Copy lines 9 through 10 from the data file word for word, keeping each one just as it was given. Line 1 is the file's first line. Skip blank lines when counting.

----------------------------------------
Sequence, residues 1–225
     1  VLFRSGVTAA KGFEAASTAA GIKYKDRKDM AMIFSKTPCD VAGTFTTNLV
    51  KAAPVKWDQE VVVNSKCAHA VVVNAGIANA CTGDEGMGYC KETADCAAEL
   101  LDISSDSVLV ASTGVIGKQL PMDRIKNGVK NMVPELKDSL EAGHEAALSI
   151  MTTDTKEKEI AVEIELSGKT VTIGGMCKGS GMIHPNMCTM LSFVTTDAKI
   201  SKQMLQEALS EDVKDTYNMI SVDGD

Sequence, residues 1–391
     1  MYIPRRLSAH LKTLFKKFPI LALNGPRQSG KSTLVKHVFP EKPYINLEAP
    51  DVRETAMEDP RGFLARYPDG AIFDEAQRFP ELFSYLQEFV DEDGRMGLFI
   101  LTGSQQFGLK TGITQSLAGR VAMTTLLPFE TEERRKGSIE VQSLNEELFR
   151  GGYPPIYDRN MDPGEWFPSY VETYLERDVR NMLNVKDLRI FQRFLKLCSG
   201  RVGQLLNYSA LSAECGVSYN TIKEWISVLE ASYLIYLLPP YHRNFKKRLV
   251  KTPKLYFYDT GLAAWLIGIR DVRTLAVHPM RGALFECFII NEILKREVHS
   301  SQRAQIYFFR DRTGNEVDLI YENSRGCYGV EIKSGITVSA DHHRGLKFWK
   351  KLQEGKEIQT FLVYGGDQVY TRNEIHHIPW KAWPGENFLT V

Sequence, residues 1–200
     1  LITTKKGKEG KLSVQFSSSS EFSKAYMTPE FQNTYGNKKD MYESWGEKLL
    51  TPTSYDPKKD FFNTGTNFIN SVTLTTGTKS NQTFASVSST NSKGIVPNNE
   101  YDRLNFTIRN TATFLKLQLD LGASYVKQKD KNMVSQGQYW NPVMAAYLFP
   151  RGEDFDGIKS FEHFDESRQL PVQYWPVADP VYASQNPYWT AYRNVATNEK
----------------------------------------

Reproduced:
    51  DVRETAMEDP RGFLARYPDG AIFDEAQRFP ELFSYLQEFV DEDGRMGLFI
   101  LTGSQQFGLK TGITQSLAGR VAMTTLLPFE TEERRKGSIE VQSLNEELFR